Cash has been flowing toward charities supporting vital water projects of late, thanks to some liquid measures promoted by Harker’s Global Empowerment and Outreach (GEO) club.
Selling water bottles, gaining sponsorship for coffee-eschewing teachers, and topping it all off with a group dunking of campus adults, GEO’s diverse efforts generated sums far beyond initial expectations for charity:water, a nonprofit organization bringing clean, safe drinking water to people in developing nations. The funds will help dig a pair of wells to provide clean water in places where that crucial commodity has hitherto been inaccessible.
GEO members were inspired by the Harker Speaker Series talk by activist Rick Smolan, who expressed enthusiasm for the lengths to which GEO members took his ideas and ran with them,
“One of the things that disturbed me so much as I worked on The Blue Planet Run book was how little attention the world was paying to something so important to every person on the planet. To be able to positively affect the lives of others at such a young age is something I don’t think any of the Harker students will ever forget and I am thrilled to think my lecture touched your students on such a deep level,” Smolan said. “Please extend my congratulations to all the students involved in this amazing effort.”
GEO’s efforts began in October, when students began raising money by selling water bottles and foot bands: rubber bands that students wore around one of their feet to symbolize the distances people in poor areas must walk to obtain dirty and often contaminated water. Teachers also gave up their favorite drinks for a week, and several students carried around jugs of dirty water to remind others of the reality of those less fortunate. The GEO fall week also included an appearance by charity:water representative Lane Wood and a special relay race among all the upper school grade levels that was won by the class of 2011.
All the deprivation, exertion and solemn remembrance of others’ difficulty gave way to some celebrating after the unexpectedly large fundraising totals were announced at a special meeting on Davis Field Nov. 9. Students were directed to the Singh Aquatic Center, where they were treated to their reward for raising more than $10,000: witnessing several of the school’s faculty and staff leap into the pool, fully clothed. The intrepid squadron of educators gathered at pool’s edge as a youthful chorus counted down “5…..4…..3….2….1!” At the appointed moment, into the drink they leapt, followed by good-natured frolicking. The Wet Ones: history teachers Julie Wheeler, Dan Hudkins, Ramsay Westgate, language instructors John Hawley, Diana Moss, performing arts teacher Jeffrey Draper, computer scientist Fred Triefenbach, college counselor Kevin Lum Lung, journalism teacher Chris Daren as well as alumni director Christina Yan and athletic director Dan Molin.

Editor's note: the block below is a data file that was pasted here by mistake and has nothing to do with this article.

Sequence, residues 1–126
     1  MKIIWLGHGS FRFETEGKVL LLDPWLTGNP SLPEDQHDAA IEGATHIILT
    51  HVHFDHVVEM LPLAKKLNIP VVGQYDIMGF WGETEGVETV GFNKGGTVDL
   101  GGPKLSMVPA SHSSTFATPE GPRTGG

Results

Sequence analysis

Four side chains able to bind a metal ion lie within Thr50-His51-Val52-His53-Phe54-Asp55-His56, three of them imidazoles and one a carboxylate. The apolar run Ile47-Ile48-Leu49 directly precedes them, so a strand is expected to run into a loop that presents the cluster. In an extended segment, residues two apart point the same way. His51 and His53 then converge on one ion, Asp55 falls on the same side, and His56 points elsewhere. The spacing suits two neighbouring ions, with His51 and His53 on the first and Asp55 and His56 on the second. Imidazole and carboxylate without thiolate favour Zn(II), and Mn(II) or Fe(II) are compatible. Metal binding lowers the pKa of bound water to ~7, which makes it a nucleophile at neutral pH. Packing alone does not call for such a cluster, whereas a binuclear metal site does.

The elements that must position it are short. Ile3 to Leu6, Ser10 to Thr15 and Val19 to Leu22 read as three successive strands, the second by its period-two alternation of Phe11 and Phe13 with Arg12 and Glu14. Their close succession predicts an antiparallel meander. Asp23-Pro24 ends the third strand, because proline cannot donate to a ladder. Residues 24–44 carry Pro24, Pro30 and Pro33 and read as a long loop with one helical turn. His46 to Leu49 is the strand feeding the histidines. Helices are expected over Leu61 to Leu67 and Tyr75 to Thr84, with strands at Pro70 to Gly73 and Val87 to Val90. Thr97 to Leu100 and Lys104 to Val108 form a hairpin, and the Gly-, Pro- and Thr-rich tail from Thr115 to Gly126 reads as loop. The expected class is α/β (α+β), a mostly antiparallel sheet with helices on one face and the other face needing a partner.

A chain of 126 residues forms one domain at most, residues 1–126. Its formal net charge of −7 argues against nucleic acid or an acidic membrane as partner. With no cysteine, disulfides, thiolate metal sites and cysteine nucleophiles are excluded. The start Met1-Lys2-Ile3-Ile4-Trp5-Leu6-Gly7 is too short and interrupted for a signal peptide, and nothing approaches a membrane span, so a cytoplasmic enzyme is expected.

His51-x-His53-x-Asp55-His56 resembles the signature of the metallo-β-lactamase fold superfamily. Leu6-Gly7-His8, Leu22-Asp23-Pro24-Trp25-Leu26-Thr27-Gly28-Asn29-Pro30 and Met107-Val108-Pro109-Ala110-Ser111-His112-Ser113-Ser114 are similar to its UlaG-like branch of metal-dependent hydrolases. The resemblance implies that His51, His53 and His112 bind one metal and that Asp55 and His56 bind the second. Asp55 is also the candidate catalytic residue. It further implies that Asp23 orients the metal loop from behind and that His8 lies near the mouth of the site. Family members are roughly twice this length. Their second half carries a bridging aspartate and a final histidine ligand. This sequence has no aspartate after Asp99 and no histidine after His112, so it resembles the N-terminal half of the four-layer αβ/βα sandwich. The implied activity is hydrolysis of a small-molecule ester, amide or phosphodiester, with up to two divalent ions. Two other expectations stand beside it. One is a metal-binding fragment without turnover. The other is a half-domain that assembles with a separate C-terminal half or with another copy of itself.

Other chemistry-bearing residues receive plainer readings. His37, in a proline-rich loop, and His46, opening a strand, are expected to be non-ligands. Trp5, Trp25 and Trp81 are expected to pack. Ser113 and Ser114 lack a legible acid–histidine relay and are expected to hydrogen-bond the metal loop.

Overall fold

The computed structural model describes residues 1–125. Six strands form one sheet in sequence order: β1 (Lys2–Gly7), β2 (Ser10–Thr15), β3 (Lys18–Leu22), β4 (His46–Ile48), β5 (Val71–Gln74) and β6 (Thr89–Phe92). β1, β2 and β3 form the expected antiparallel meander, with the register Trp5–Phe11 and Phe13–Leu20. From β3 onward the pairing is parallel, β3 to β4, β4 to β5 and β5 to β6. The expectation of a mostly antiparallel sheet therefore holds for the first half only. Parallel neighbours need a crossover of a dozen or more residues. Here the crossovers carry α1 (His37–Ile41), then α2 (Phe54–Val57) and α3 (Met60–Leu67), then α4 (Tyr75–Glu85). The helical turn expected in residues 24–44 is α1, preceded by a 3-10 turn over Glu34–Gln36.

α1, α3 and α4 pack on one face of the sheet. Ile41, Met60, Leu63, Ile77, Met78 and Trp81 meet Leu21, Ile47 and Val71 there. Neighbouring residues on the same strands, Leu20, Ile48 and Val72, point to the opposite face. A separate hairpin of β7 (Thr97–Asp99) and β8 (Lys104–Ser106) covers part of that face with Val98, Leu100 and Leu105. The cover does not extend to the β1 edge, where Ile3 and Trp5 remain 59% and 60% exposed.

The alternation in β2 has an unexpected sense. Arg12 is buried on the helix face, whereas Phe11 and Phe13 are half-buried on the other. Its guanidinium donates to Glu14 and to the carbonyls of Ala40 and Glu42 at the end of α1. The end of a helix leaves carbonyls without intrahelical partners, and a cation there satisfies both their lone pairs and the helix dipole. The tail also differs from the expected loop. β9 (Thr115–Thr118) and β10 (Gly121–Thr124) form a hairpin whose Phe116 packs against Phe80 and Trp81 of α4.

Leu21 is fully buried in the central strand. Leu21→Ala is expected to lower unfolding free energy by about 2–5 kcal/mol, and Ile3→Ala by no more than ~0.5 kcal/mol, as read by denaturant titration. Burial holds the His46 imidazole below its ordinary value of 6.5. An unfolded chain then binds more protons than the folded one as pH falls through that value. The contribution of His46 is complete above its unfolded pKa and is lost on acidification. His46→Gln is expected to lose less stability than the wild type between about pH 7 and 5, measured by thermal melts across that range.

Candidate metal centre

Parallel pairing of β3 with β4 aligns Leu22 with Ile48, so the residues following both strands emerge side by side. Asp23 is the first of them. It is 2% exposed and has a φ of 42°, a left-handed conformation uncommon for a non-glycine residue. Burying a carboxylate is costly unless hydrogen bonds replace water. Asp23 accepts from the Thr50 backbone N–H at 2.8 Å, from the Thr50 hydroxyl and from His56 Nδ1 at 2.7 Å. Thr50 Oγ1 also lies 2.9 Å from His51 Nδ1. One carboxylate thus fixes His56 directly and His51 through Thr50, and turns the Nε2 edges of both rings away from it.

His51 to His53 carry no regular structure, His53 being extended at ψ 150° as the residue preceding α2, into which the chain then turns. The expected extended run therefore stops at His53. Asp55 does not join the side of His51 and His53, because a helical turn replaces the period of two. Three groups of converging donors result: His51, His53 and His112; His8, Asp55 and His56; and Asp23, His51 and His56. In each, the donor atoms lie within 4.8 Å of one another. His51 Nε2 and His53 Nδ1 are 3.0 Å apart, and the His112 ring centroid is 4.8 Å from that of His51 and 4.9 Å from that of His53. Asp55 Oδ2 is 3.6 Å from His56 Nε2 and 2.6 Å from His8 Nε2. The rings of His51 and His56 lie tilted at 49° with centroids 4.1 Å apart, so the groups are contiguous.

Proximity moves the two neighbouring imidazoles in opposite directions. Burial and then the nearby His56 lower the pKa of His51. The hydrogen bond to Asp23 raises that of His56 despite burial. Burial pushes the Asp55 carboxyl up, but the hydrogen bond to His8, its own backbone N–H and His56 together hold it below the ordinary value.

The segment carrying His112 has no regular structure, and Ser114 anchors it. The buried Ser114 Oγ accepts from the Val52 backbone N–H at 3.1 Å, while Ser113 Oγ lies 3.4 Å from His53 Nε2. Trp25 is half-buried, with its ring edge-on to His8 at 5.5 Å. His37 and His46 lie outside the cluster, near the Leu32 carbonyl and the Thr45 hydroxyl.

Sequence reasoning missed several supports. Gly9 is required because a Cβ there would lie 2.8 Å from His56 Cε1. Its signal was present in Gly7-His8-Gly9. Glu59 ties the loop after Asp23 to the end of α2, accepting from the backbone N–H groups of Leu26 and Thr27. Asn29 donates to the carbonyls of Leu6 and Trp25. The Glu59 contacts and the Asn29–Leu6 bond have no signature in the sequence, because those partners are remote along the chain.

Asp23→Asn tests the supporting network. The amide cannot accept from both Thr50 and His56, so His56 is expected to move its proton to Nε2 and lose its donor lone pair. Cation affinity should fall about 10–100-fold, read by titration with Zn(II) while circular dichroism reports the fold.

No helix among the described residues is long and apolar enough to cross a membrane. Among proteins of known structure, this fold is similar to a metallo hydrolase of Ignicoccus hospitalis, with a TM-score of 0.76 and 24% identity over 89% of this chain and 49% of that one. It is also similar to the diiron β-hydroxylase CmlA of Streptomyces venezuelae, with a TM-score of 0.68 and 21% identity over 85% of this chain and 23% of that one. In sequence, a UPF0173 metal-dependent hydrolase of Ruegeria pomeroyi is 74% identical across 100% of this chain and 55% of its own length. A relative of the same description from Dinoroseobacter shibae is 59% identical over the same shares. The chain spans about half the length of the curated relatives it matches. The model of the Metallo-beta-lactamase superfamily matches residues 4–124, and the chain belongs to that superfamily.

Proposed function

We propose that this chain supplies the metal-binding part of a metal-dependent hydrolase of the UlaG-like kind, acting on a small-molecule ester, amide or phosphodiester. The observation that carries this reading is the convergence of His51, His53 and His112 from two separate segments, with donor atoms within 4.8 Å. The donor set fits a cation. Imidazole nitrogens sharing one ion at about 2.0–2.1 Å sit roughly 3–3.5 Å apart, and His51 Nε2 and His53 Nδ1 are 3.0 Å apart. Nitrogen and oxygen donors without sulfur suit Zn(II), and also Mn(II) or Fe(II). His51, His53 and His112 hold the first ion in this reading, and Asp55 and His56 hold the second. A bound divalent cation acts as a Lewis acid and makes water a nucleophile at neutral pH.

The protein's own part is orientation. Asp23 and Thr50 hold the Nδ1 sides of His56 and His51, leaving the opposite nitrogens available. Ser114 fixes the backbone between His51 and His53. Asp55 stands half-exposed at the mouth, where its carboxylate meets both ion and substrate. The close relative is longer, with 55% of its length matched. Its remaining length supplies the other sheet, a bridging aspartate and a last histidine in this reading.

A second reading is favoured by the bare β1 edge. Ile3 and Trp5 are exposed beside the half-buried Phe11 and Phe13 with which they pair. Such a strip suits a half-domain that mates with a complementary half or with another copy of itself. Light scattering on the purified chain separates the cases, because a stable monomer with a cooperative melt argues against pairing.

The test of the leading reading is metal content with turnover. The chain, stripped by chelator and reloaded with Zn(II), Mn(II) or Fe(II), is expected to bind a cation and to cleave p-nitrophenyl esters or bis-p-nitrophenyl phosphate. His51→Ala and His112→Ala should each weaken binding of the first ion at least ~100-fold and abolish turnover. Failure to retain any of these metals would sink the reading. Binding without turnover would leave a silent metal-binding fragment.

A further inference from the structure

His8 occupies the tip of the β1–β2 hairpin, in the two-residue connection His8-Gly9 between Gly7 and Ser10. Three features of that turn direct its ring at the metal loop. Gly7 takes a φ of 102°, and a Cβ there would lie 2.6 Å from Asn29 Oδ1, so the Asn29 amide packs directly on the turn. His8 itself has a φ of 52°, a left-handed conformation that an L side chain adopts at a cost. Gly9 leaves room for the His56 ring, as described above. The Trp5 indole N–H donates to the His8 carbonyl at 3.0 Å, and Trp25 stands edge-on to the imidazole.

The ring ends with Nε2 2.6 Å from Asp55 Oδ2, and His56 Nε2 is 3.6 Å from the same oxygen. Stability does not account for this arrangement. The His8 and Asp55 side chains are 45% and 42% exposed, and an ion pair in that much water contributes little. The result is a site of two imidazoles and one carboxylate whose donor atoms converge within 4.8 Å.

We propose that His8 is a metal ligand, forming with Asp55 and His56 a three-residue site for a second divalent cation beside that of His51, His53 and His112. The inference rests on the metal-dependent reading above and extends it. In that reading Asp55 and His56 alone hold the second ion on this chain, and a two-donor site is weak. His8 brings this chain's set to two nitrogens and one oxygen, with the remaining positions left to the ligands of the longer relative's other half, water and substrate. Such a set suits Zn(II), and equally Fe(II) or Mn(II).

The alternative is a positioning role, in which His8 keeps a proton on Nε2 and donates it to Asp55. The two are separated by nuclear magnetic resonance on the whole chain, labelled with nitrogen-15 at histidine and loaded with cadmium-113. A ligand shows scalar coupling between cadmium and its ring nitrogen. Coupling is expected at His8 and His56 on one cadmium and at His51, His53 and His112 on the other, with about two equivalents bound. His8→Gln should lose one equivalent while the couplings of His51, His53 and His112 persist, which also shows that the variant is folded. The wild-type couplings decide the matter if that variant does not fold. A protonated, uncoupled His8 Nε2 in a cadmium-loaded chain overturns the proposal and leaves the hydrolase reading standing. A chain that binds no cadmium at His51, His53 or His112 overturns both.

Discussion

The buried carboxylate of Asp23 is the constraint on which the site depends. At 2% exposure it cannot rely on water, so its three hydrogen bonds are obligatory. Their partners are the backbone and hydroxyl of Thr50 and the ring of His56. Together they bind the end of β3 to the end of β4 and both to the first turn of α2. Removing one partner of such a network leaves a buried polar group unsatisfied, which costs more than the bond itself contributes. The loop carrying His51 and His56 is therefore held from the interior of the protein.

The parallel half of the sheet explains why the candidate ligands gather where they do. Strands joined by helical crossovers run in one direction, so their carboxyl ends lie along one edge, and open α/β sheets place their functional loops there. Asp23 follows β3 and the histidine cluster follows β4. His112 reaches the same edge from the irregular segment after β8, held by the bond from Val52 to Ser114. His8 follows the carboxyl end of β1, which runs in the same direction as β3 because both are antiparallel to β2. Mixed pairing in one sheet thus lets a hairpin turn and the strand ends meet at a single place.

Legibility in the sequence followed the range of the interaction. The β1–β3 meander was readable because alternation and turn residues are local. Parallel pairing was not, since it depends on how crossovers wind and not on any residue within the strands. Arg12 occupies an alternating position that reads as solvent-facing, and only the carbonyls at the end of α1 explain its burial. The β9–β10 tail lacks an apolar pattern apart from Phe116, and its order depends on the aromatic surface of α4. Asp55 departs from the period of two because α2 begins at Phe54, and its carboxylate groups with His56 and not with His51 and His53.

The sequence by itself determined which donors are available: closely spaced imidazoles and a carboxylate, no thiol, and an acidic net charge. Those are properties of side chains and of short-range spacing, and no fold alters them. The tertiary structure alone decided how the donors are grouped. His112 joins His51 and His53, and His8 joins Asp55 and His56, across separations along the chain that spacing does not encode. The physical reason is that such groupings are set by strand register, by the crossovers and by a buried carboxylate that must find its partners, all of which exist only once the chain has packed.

A bracing dip might have been just the ticket for another set of educators participating in the water-improvement campaign. Many of those who gave up or cut back on their favorite beverages ended up reducing their caffeine intake. The abstainers included science teachers Matthew Harley, Mala Raghavan, Eric Nelson and Gary Blickenstaff; math teachers Rama Sethia, Tony Silk and Jeannette Fernandez; history teachers Ramsay Westgate, Carol Zink, Julie Wheeler, Dan Hudkins, Donna Gilbert and Nicole Jensen; foreign language teachers Shawn Jahshan and Nicholas Manjoine; Naomi Schatz (psychology), Adam Nelson (debate), Jeff Draper (theater), Susan King (computer science) and Greg Lawson, the assistant head of school for student affairs .
After the week, participating teachers reported the challenge had been refreshing and less daunting than expected. Blickenstaff, well known for his dependence on a cup of joe during lectures, claimed that the prospect of living on half of his coffee dose was tolerable, and that he would give it up again if necessary. Raghavan even called the coffee cutback “fun”, declaring, “I was happy to have made it with just one cup a day for the whole week. I actually slept better.”
Together with the Lug-a-Jug fundraiser, Cups-for-a-Well donations and merchandise sales, the GEO-led effort brought in $10,918, allowing for a contribution of $10,118 after deductions to cover costs. Prospective users of the wells were not alone in benefiting from the project. Said GEO secretary Rashmi Sharma Gr. 12: “Pursuing outreach through GEO has helped me foster my passion about learning about international issues and how I can help solve them by empowering others.”